Wednesday, November 18, 2009

Paranoia and the Great Health Care Debate.

Paranoia will always defeat reason. 
However, the treatment for the paranoia will be excluded by your insurer's mental health care restrictions. So either way you're pretty much out of luck.

Tuesday, November 17, 2009

Universal health care??

      Personally, I'm appalled at our ability to justify leaving so many people out in the cold. And whenever I get together with other doctors, I am one of the few who would be happy for a government run system which covered everybody, even if I had to get paid by the government.
    The problem with those on the other side (by which I usually mean Republicans) is that they aren't selfish enough. They lack the insight to see that a country who's citizens' health is protected is a stronger, more resilient, more productive and ultimately richer society.  (But I wouldn't waste my breath trying to explain that to Sara Palin)

60% ? ? That was a "D" back when I was in school !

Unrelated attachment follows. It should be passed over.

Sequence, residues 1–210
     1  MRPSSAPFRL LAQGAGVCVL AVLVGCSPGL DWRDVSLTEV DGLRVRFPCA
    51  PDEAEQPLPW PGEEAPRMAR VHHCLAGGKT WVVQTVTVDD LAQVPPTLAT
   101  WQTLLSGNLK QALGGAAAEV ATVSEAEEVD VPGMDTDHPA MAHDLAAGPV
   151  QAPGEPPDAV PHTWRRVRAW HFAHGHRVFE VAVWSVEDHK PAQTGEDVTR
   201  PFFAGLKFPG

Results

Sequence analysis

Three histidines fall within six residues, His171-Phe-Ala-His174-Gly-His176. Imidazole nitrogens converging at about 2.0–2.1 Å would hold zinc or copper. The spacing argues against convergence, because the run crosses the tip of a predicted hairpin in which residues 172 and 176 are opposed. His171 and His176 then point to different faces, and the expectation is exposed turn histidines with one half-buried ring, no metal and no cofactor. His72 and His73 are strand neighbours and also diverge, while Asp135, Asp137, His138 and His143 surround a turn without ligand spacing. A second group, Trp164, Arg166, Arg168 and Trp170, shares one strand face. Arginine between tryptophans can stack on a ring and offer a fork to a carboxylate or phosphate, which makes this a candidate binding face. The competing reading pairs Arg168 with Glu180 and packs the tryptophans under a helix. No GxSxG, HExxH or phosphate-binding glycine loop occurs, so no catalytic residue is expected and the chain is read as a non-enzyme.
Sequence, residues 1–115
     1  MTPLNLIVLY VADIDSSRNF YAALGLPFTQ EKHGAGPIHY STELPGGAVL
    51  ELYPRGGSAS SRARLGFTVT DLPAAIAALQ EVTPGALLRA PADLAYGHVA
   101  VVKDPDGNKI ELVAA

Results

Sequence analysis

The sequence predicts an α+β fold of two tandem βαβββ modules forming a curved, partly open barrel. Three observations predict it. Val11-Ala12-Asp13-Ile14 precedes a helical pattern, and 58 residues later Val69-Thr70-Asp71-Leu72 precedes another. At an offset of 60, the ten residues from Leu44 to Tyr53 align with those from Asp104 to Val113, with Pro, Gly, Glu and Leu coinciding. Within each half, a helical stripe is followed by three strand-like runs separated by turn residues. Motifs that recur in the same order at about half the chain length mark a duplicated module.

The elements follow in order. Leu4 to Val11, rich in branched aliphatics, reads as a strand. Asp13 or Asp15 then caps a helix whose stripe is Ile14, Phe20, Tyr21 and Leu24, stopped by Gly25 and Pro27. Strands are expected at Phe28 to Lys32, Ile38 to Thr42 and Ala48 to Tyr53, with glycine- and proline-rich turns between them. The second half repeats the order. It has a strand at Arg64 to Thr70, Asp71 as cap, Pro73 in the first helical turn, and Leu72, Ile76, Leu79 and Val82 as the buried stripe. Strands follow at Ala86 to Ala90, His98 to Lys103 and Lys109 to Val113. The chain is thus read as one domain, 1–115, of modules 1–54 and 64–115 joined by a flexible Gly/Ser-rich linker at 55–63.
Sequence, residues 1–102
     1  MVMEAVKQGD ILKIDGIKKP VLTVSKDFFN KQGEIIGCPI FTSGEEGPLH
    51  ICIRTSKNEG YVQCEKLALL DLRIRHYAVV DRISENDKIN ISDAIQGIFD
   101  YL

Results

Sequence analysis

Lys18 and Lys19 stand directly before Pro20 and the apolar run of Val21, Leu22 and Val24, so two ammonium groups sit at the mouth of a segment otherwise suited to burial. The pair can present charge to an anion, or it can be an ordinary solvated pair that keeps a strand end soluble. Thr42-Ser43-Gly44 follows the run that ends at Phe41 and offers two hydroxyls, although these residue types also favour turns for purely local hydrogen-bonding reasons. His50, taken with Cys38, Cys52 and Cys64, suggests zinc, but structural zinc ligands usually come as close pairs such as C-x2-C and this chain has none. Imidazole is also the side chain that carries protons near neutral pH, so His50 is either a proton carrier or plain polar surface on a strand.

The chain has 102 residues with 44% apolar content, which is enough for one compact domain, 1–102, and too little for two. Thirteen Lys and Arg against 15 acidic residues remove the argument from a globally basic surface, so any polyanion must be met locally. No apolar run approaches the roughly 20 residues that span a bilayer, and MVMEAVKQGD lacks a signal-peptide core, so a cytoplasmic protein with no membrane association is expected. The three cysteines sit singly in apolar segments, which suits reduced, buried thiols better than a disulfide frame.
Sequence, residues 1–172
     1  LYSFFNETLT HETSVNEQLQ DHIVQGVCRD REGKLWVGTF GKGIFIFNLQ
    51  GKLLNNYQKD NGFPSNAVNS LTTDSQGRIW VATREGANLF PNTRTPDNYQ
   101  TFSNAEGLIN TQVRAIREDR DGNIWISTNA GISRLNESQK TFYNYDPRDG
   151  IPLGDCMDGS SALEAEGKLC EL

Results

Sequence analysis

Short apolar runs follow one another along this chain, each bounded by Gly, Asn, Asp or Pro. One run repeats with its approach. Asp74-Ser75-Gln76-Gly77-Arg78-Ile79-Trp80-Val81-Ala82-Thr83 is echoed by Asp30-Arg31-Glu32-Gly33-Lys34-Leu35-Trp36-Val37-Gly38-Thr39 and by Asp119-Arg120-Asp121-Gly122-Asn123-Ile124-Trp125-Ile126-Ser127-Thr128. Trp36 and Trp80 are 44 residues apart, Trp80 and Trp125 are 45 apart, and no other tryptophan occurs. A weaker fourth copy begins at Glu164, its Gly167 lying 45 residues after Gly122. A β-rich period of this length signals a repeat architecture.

There were two interesting articles in the NY Times today, side-by side with one another. One article was an excellent review of the advances we've made in dental implant therapy. The other was a history of water fluridation going back to the 1930's (when Fluoride's beneficial effects on developing tooth enamel were discovered).

     Unfortunately, the article also says (with a note of triumph) that almost 60% of public drinking water in this country is now fluoridated. How they score this as a victory is beyond me. Back in school, I remember 60% being a "D".  The lack of fluoridation in some of the richest partis of this country, such as the "gold coast" of Long Island, is a national disgrace. If 60% of children were being vaccinated, or if 60% of women were getting adequate prenatal care we would be appalled. Water fluoridation costs pennies per person per year, and is one of the great public health triumphs of the 20th century. Pity that we let luddites and science-averse "leaders" determine the course of public health policy in this country

Monday, November 16, 2009

The problem of tooth grinding and clenching has not only become more prevalent (bad) but also more often recognized (good) This article was a fresh reminder to me of the interaction between our oral health and our general health. Stress affects our immune systems, our GI system, and of course our nervous system.